books foster empathy and understanding by allowing children to see the world through the eyes of others

There are 22 official Indian languages and many more languages and dialects that are spoken in India. Tamil is one of the oldest languages, spoken in South India and Sri Lanka, and sizeable Tamil-speaking populations in Malaysia, Singapore, Philippines, Mauritius, South Africa, Indonesia, Thailand, Burma, and Vietnam. In New Zealand, an early reference to Tamil is on the bell preserved in The Museum of New Zealand Te Papa Tongarewa. The Tamil Bell is inscribed with Tamil script, and has been dated to the 17th or 18th century.

Access to Indian Children’s Books in New Zealand

Although it can be harder to find Indian language children’s books in regional libraries, there are a significant number of children’s books available in our bigger centres. For instance, Auckland Libraries lists 180 titles for children in Tamil, 731 in Hindi and 162 in Gujarati; while Wellington City Libraries lists 57 children’s books in Tamil, 125 in Hindi, though only two in Gujarati. In a recent article, Tom Blessen reports that, “Public libraries in New Zealand are playing a pivotal role in fostering a culture of community engagement and inclusivity.” Indeed, since there aren’t many options for buying books in Indian languages on these shores. 

Tamil children’s books at Auckland’s Mt Roskill Library

In New Zealand, Indian languages are taught to children who are interested, by the various Indian Associations in the country. Some of these organisations may have a small collection of books but very few children’s books.

In the 2018 census, Auckland has a population of 154,824 Indian New Zealanders; Wellington has 22,227; Waikato around 17,000; and Canterbury around 15,000. Indian New Zealanders are the fastest growing Kiwi ethnic group, and the second largest group of New Zealand Asians. It would make sense for libraries and bookstores to provide access to books that represent different populations. Teachers and children can share such books, to reflect the diversity in their classrooms and to make all children feel included.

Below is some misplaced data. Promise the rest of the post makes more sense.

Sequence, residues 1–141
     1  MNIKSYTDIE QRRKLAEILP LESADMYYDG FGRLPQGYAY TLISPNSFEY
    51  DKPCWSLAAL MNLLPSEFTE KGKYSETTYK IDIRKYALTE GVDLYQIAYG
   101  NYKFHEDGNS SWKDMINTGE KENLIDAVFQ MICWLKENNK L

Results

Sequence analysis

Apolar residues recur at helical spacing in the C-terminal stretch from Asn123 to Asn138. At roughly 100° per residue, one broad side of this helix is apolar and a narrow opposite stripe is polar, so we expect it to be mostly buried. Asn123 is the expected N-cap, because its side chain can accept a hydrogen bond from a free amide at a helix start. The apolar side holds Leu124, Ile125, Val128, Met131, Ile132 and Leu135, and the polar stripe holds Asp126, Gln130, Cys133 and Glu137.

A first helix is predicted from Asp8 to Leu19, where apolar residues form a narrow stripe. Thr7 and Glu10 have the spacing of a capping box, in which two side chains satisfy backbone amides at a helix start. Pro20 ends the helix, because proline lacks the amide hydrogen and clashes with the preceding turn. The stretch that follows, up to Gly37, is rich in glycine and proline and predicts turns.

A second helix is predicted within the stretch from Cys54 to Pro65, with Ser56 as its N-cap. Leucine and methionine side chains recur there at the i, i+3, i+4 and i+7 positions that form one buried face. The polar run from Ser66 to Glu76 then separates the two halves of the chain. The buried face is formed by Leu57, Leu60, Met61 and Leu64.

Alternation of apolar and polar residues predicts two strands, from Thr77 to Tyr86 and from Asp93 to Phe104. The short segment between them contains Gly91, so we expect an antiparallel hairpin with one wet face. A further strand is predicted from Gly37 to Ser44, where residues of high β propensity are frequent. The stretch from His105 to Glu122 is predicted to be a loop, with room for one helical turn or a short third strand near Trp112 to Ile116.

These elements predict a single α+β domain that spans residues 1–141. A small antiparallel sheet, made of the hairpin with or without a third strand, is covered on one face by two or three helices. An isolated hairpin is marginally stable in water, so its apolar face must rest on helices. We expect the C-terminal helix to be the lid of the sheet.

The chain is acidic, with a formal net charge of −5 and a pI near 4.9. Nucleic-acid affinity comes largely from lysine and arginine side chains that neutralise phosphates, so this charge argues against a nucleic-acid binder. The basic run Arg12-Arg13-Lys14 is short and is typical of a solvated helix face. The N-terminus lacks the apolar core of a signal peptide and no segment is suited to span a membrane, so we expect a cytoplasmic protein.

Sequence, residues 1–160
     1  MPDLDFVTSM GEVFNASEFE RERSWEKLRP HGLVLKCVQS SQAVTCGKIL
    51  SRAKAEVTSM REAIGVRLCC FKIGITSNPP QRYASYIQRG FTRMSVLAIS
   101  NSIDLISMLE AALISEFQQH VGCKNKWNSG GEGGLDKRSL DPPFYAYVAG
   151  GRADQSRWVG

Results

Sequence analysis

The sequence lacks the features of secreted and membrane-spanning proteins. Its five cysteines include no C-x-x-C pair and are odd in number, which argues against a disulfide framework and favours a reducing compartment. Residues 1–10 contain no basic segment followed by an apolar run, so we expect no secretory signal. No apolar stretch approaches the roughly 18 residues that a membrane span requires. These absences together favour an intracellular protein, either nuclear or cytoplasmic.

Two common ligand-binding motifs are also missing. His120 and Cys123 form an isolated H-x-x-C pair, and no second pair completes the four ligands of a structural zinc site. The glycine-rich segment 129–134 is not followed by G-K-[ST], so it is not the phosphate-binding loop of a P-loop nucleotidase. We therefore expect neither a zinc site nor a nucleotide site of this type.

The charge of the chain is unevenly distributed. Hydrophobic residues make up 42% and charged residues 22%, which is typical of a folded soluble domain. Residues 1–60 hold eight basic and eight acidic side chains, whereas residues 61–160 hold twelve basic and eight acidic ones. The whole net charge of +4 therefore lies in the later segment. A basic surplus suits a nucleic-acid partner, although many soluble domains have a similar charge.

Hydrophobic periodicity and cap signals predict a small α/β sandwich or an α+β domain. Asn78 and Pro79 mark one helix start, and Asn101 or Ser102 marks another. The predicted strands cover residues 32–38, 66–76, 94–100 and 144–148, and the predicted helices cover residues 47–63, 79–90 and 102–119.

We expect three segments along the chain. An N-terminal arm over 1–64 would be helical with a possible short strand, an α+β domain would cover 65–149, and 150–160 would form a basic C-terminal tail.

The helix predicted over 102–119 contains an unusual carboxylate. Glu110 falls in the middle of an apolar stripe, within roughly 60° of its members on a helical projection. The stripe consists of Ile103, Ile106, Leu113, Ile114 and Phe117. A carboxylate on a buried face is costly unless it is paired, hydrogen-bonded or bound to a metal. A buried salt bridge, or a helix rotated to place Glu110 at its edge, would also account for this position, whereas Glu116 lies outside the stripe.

A child and adult reading Asha the Auto-Driver in Bengali

We want children to grow up being proud of their heritage, while blending in as Indo-Kiwi children. Ideally, children growing up in New Zealand should embrace all cultures— all of their adopted local and home cultures and heritage. This can be a delicate balance for children to navigate. For them to understand and respect multiple cultures takes time. Parents need to be patient while providing explanations when the opportunity arises. As children spend a lot of time at school with their peers, they tend to easily absorb the local culture and behaviour. Many do so quickly in order to “fit in”. That is good but it is important, too, they learn about their own heritage.

Children everywhere deserve to see characters who look like them or have familiar names in the books they read.

In a landscape where diverse representation in children’s literature is still lacking, I wanted to write a book that fills a crucial gap. Children everywhere deserve to see characters who look like them or have familiar names in the books they read. By featuring a range of characters, my book offers a much-needed representation and visibility to children who often feel underrepresented in books.